Grief is a complex emotion that children can encounter through various experiences, from the loss of a loved one to the departure of a dear friend. Helping children navigate grief means helping them understand and cope with big emotions. And it is crucial for their emotional development. Here we explore children’s grief, including common signs and essential strategies for providing support during these challenging times.
Children Experiencing Grief
Children can encounter various situations that bring them face to face with loss, such as the passing of a cherished family member or a beloved pet. It can also manifest as the departure of a dear friend to a distant state. Helping children navigate grief, which can take on various forms, plays a crucial role in helping them comprehend both the world they inhabit and their own emotions. Frequently, a child’s initial encounter with loss and grief can be a bewildering period for both children and their parents.
Delayed Grieving Periods
There are also delayed periods of grief, especially when children may have been too young to understand their loss. Once they get older and begin to understand the depth of that loss- it can bring on a period of grieving without an obvious trigger. Consider this example. A young girl’s father passed away when she was 3 years old. She doesn’t completely understand the depth of this loss until her school puts on a daddy-daughter dance 4 years later. Now at 7 years old, this young girl is faced with a new understanding that there are experiences she will not get to share with her father. It’s this new understanding of loss that brings on a period of grieving, delayed from the initial time of her father’s passing.
Regardless of what brings on these deep feelings, providing support and guidance in these challenging times is crucial for parents. Helping children navigate grief can pave the way for them to develop resilience and a deeper understanding of life’s complexities. The first step to helping is understanding that children experience grief in a variety of ways. Here are some common signs that your child is coping with grief.
- Sleep problems
- Lower academic performance
- Difficulty concentrating
- Feelings of abandonment
- Acting out
- Including topics of death in play
- Behavior regressions like thumb sucking, and wetting the bed
A Parent’s Guide to Helping Children Navigate Grief
Discuss Death Honestly
Using phrases like “they went to sleep” or “they’re gone” when speaking about death can be very confusing for children. Avoid confusion by being honest that a person or pet’s body stopped working and that they will not be coming back. Make a point to be honest in a way that’s gentle but clear.
Details are not necessary unless your child asks and you feel they are old enough to handle hearing certain things. Explaining diseases or other causes for loss can bring understanding as long as they’re old enough. Even older kids may not be able to handle the full story of certain topics however. Topics like addiction and depression can be phrased as a disease or a mental health concern that was left untreated without going into full detail of a tragic situation.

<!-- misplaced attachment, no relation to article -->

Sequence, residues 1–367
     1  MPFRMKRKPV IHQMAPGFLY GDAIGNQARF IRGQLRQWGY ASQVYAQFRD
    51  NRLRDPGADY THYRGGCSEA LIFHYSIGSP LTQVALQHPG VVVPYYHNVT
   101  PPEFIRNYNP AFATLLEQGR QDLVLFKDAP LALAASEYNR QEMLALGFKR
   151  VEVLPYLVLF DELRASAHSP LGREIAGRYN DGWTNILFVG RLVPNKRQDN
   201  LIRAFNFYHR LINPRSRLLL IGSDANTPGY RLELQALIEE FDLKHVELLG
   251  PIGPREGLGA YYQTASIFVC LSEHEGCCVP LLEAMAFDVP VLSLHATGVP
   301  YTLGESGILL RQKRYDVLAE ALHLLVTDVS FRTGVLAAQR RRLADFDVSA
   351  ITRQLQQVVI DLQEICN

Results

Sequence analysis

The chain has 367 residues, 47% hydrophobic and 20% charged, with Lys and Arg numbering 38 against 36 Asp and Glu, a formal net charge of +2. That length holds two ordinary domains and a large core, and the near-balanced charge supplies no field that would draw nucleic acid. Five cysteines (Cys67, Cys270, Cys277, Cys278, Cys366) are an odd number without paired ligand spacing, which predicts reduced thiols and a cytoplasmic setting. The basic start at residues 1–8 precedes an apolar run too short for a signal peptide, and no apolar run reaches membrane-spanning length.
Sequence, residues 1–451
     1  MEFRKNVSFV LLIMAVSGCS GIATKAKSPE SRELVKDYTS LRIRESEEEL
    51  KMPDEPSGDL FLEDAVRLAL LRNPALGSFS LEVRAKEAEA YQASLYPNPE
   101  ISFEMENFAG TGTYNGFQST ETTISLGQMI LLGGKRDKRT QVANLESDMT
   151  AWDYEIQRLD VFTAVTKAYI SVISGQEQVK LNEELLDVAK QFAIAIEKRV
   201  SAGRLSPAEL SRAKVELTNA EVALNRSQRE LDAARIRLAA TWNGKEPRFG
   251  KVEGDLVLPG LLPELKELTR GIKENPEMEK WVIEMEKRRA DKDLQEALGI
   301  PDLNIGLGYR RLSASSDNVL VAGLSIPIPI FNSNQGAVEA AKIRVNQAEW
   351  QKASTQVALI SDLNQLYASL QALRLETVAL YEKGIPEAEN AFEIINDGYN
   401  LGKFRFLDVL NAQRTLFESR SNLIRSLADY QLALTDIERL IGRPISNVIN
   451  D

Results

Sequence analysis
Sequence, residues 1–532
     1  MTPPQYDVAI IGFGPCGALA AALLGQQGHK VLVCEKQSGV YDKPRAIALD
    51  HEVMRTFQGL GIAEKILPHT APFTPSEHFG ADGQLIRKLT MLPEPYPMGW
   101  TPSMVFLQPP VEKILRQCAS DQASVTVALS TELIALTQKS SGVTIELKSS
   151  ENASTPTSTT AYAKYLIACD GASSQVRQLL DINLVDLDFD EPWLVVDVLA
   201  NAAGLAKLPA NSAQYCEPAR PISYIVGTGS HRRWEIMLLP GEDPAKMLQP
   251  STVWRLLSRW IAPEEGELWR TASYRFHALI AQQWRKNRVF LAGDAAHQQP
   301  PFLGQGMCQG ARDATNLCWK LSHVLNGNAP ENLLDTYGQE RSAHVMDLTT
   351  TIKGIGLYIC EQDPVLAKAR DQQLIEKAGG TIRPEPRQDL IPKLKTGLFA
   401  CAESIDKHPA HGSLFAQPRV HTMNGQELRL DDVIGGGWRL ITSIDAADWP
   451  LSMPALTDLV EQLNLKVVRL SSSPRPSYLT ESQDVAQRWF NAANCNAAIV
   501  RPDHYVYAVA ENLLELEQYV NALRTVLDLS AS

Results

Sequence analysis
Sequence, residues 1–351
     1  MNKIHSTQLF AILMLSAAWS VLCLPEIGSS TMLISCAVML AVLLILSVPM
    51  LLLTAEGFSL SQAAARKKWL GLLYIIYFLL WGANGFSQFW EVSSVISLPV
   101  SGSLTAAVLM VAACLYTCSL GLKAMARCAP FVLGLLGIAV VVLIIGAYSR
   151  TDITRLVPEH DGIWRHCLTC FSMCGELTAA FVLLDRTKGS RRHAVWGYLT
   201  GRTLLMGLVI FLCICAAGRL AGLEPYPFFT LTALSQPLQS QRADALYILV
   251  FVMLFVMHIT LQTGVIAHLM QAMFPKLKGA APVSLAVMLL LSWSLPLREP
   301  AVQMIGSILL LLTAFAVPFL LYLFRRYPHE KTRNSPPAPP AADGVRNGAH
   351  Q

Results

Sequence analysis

Listen and Provide Comfort
Be available and make sure your child knows you are available to talk. Listen to them and reassure them that their big feelings are normal and okay. Be there to answer questions, provide a hug or just to sit in silence with them. Whatever comfort your child needs, be there to give it to them. And it’s okay if they see that you are sad too.
Inform Other Caregivers
If your child is currently enrolled in school, a summer camp, or other after-school activity- be sure to inform their caregivers of the situation. Teachers, counselors, and other adults they interact with should be informed of a loss especially if your child is actively coping with grief. It’s good that they are aware in case your child experiences an emotional moment while in their care. This avoids confusion and allows the present caregiver to act effectively.
Demonstrate Putting Feelings into Words
When dealing with big emotions like grief, it can be difficult for children to express what they are going through and what they need. To help them through this time, it’s important they learn how to communicate their big feelings. Lead by example by sharing your feelings in words they understand like “Auntie loved us very much, I really miss her.”
Incorporate Positive Activities
It’s important for parents to acknowledge their children’s feelings of grief and sadness. However, it’s also important to make an effort to cheer them up. Cook their favorite meal, recommend doing an activity they enjoy, make art, or play. It’s best to not let them dwell on sad feelings after talking and comforting them.
As children navigate this challenging time, remember to be patient with them. Their process for grieving may cycle in and out of these feelings. Even if you feel as though they have already moved on and they become grief-stricken again- be sure to provide the same compassion and understanding like before.
Seek Additional Help if Needed
There are signs that a child is not doing well processing grief and that additional assistance should be brought in.
- If a loved one’s death was sudden and/or violent
- Their symptoms get worse over time
- Excessively imitating the deceased
- Ongoing behavior problems
- Suicidal thoughts / suicidal ideation
- Excessive anxiety
Supporting children through grief is a vital journey that fosters resilience and emotional growth. By acknowledging their feelings and providing a safe space for expression, we can help them navigate the complexities of loss, ensuring they emerge stronger and more understanding of life’s challenges.
Sources: Nemours, Very Well Family, Child Mind Institute